Synodal church must be more accountable

The ongoing synod on synodality is an opportunity for the church leadership to become more accountable towards sexual abuse cases, increase laity participation, and bring more transparency within the Catholic Church, says an expert.

“A synodal Church is a listening Church… but it needs to go a step further: a synodal Church is an accountable Church and an accountable Church needs to be synodal,” said Myriam Wijlens, (pictured) a canon law professor at the University of Erfurt, Germany.

The synodality and accountability in Catholic Church are deeply interconnected, Wijlens, a member of the Coordinating Commission of the Synod on Synodality, said during a wide-ranging interview with Polish Catholic quarterly Wiez.

The first phase of the 16th Ordinary General Assembly of the Synod of Bishops started in the Vatican on 4 October and is scheduled to end on 29 October.

The second phase will be held next October.

The bishops’ synod is part of the ongoing global Synod on Synodality which was started by Pope Francis on Oct. 10, 2021.

The synod in the Vatican “is a meeting within the larger Synod. It is a special moment within the Synod of the Church,” Wijlens said.

Pope Francis’s suggestion to bishops’ conferences to reflect on the accountability aspect of its members in 2019 was due to the inefficient response from bishops towards abuse allegations, she said.

“The Church became aware that there was the abuse of minors by clergy, but there was also a severe problem in that those in leadership had not acted in accordance with the responsibility flowing from their office as bishop,” Wijlens said.

The “Instrumentum laboris” – the guiding document for the synod had questions that discussed the accountability of bishops and the role of women in it, she pointed out.

The document has questions such as “How can bishops be more accountable?” and a separate section on women which asks, “How women [can] assist the Church in being more accountable?”

Wijlens said that the priority was to “complete the work of making accountability well seated in theory, in theology and canon law.”

In 2020, Pope Francis through a motu proprio, a papal document personally signed by the pope, titled “Vos estis lux mundi” (You Are the Light of the World) ordered bishops worldwide to report cases of clergy sex crimes to the police even when not legally bound to do so.

The Vatican’s manual for bishops and religious superiors details the process for conducting in-house investigations into allegations of priests who rape and molest minors and vulnerable adults.

Wijlens suggested that independent judges who take a neutral approach toward the evaluation of abuse cases are better suited than local bishops as there is a possibility of bias when they may have to investigate each other.

“We need independent judges not only because the bishops might need to investigate each other and that would not help the issue of credibility.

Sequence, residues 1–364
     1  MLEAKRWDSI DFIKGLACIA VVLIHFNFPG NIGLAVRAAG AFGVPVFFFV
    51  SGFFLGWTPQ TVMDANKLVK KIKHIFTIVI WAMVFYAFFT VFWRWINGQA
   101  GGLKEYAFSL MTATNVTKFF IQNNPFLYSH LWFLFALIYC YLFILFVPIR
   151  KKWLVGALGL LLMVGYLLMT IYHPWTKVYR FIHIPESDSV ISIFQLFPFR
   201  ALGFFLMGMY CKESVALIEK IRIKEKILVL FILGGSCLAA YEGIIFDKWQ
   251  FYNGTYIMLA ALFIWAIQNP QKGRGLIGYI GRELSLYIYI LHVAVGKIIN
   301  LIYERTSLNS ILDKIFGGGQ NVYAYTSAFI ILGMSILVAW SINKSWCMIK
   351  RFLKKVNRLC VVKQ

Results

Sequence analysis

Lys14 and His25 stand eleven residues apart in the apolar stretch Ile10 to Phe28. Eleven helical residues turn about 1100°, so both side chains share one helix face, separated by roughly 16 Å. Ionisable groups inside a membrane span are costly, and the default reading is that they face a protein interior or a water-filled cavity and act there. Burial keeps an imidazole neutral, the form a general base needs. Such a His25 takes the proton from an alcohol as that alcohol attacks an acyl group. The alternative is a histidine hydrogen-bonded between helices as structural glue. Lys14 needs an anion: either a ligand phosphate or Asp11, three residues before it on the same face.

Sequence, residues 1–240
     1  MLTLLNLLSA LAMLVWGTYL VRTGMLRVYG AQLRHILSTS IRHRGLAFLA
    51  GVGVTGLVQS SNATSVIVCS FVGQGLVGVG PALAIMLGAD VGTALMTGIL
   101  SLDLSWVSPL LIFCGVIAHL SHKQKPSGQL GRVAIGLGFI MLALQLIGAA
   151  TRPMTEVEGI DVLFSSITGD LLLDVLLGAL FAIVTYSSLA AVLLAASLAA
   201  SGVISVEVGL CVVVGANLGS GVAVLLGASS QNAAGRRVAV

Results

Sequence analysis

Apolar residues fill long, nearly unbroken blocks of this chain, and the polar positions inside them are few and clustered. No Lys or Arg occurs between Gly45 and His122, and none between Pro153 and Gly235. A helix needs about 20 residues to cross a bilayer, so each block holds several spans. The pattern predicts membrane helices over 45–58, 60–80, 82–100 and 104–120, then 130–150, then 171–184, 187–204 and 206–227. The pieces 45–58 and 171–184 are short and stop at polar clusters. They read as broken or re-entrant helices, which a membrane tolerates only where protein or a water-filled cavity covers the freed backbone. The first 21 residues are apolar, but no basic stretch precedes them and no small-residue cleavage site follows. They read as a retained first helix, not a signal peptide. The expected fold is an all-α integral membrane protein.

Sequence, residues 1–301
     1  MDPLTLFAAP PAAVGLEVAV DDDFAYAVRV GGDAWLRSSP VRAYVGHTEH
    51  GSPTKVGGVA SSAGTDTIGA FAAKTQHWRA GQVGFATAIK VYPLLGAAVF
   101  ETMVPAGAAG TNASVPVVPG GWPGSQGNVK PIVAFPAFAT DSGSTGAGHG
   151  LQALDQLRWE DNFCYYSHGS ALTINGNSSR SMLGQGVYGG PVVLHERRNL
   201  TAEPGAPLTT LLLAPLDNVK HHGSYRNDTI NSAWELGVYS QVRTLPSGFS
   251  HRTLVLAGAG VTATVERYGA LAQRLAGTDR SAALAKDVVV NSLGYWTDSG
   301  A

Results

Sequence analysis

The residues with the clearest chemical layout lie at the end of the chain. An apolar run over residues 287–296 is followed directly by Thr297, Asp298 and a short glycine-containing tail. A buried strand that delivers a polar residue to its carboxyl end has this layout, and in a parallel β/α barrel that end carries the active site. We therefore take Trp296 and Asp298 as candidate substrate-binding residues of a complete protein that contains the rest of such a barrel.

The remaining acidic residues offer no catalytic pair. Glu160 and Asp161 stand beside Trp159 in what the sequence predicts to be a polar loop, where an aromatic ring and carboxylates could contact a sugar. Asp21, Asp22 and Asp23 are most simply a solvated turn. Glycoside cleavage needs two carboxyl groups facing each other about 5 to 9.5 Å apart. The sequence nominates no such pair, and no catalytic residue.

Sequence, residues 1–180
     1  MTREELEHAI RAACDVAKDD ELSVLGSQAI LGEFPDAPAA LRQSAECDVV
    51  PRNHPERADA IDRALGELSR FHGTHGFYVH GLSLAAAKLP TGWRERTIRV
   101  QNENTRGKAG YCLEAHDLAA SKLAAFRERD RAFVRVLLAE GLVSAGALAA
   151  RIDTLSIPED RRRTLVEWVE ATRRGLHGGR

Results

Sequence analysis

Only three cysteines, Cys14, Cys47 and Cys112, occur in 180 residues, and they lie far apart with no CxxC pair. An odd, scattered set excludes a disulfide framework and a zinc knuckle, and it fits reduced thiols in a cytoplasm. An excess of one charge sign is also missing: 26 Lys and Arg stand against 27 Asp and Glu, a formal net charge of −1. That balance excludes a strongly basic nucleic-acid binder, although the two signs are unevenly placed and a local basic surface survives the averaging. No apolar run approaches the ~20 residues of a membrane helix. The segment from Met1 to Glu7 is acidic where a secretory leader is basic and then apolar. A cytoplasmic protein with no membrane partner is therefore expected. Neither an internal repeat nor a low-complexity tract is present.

“We also see that those who conduct these investigations need to have expertise in collecting evidence, weighing it, etc,” she said.

She recommended the engaging of laity or “judges in civil courts who have special training,” to investigate abuse cases.

She also pointed out that the implementation of any changes related to accountability or women’s participation in the Catholic Church cannot be achieved at a uniform scale globally.

“A challenge is certainly that not all places go with the same speed and that thus not all are at the same point in implementing being an accountable Church,” Wijlens said.

Based on her experience in the Synodal consultations in Europe, Wijlens said that a desire for transparency was exhibited by the Church leadership.

She referred to the synodal meeting in Prague which was open to journalists.

“Their presence gave expression to the desire to be transparent. That too had an impact on the meeting,” she said.

Wijlens pointed out that the meeting had 49 women as participants in contrast to only 42 bishops among the total 200 participants, showing increased participation of women in Church reforms.

She also called for the need to develop various structures of accountability based on the “context of where people live.”

“We should strengthen diocesan pastoral councils, parish pastoral councils and search for ways how this participation may be better developed,” Wijlens said.

She pointed out that one of the key needs is to create an awareness among the Catholic clergy “to bring the laity as the center of the Church.”

“We first need a change of mentality. Because we may have rules and procedures for everything, but it will not stop people from not implementing them. Internal awareness is absolutely crucial,” she said.

“This change will not happen overnight, but things are developing already. A synodal process is a journey in this direction. The train has begun to ride, and we won’t be able to stop it,” she added.

  • Professor Myriam Wijlens is a Dutch theologian and professor of canon law at the University of Erfurt (Germany), a clerical sexual abuse expert in civilian courts regarding Church liability, a canonical delegate for penal investigations and a policy writer.
  • Republished from
Additional reading

News category: Analysis and Comment.

Tags: , , , , , , ,